Declining transition rate in ultra high risk (prodromal) services: dilution or reduction of risk?

Schizophr Bull. 2007 May;33(3):673-81. doi: 10.1093/schbul/sbm015. Epub 2007 Apr 2.


There is growing interest in the prodromal stage of psychotic disorders, with many services now providing care for these "ultra high risk" (UHR) individuals. However, a reduction in the rate of transition to psychosis has been suspected over the last few years. This has implications for the use of interventions in this population and for the validity of research findings. This study examined the transition rate in one UHR service, the Personal Assessment and Crisis Evaluation Clinic, over the years 1995-2000 and investigated possible causes for the transition rate reduction. There was evidence for a declining transition rate, with each successive year showing a rate 0.80 times that of the preceding year. Functioning and symptom level were not responsible for the change. The decreased transition rate was partly explained by a reduction in the duration of symptoms of patients prior to receiving help. That is, UHR individuals are being detected and provided with care earlier than in the past. Thus, the decline in transition rate may be due to treatment being more effective at this very early stage of illness or it may be due to finding more false positives who were never at risk of psychosis, ie, a "dilution" effect. Given that it is not possible to distinguish between these alternatives at least phenotypically at present, perhaps it is time to rethink the role and practice of UHR clinics. Patients presenting to them need help. It may be that we need to aim to prevent a range of target syndromes.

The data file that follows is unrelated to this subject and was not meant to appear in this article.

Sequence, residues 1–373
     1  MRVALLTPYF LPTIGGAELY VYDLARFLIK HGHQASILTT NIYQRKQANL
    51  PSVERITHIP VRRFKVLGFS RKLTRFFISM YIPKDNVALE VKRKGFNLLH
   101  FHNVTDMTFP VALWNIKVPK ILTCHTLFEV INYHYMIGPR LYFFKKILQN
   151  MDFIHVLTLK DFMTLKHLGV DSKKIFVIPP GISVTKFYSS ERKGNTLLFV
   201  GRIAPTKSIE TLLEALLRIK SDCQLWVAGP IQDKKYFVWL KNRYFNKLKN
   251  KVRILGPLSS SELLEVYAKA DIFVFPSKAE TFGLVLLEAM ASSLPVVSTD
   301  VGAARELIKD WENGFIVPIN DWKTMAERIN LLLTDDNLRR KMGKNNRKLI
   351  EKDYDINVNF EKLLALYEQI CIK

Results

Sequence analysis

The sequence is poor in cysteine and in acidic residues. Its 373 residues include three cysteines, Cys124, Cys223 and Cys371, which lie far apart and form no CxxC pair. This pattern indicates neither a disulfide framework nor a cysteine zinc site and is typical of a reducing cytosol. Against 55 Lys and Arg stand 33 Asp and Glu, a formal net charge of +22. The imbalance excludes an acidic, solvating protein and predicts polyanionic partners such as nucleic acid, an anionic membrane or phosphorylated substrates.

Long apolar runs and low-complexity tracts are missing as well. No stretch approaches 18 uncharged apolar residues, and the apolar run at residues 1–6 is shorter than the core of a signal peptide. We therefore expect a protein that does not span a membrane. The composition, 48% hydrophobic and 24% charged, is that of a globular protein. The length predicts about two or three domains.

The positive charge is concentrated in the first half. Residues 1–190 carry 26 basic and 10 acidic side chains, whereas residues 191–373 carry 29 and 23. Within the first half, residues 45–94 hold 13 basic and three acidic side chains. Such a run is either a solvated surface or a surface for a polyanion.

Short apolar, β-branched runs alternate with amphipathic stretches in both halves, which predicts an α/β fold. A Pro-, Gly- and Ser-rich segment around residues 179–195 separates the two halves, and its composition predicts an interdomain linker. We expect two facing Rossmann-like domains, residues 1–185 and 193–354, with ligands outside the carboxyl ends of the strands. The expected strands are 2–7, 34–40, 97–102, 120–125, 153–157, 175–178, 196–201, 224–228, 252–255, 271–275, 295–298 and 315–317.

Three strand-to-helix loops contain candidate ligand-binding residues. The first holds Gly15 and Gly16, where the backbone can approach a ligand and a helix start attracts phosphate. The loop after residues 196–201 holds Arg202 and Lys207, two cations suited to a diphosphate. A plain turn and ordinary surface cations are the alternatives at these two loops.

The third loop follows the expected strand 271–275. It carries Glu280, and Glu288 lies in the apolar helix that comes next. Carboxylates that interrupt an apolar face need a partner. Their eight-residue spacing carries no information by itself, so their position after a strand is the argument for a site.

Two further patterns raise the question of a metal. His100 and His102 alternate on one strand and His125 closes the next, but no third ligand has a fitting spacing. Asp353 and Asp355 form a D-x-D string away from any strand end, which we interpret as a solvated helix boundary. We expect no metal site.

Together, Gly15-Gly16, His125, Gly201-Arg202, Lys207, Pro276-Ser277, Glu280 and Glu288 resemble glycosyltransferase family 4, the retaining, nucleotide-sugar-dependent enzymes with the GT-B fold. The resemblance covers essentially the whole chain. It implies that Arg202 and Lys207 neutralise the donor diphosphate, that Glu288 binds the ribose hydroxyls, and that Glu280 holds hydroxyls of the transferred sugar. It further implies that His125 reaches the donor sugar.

MeSH terms

  • Adolescent
  • Adult
  • Clinical Trials as Topic
  • Cross-Sectional Studies
  • Diagnosis, Differential
  • Female
  • Humans
  • Male
  • Mental Health Services / statistics & numerical data*
  • Patient Acceptance of Health Care / statistics & numerical data*
  • Prognosis
  • Psychiatric Status Rating Scales
  • Randomized Controlled Trials as Topic
  • Referral and Consultation / statistics & numerical data
  • Risk
  • Schizophrenia / diagnosis
  • Schizophrenia / epidemiology*
  • Schizophrenia / prevention & control
  • Schizophrenic Psychology*
  • Schizotypal Personality Disorder / diagnosis
  • Schizotypal Personality Disorder / epidemiology*
  • Schizotypal Personality Disorder / therapy
  • Treatment Outcome
  • Utilization Review / statistics & numerical data
  • Victoria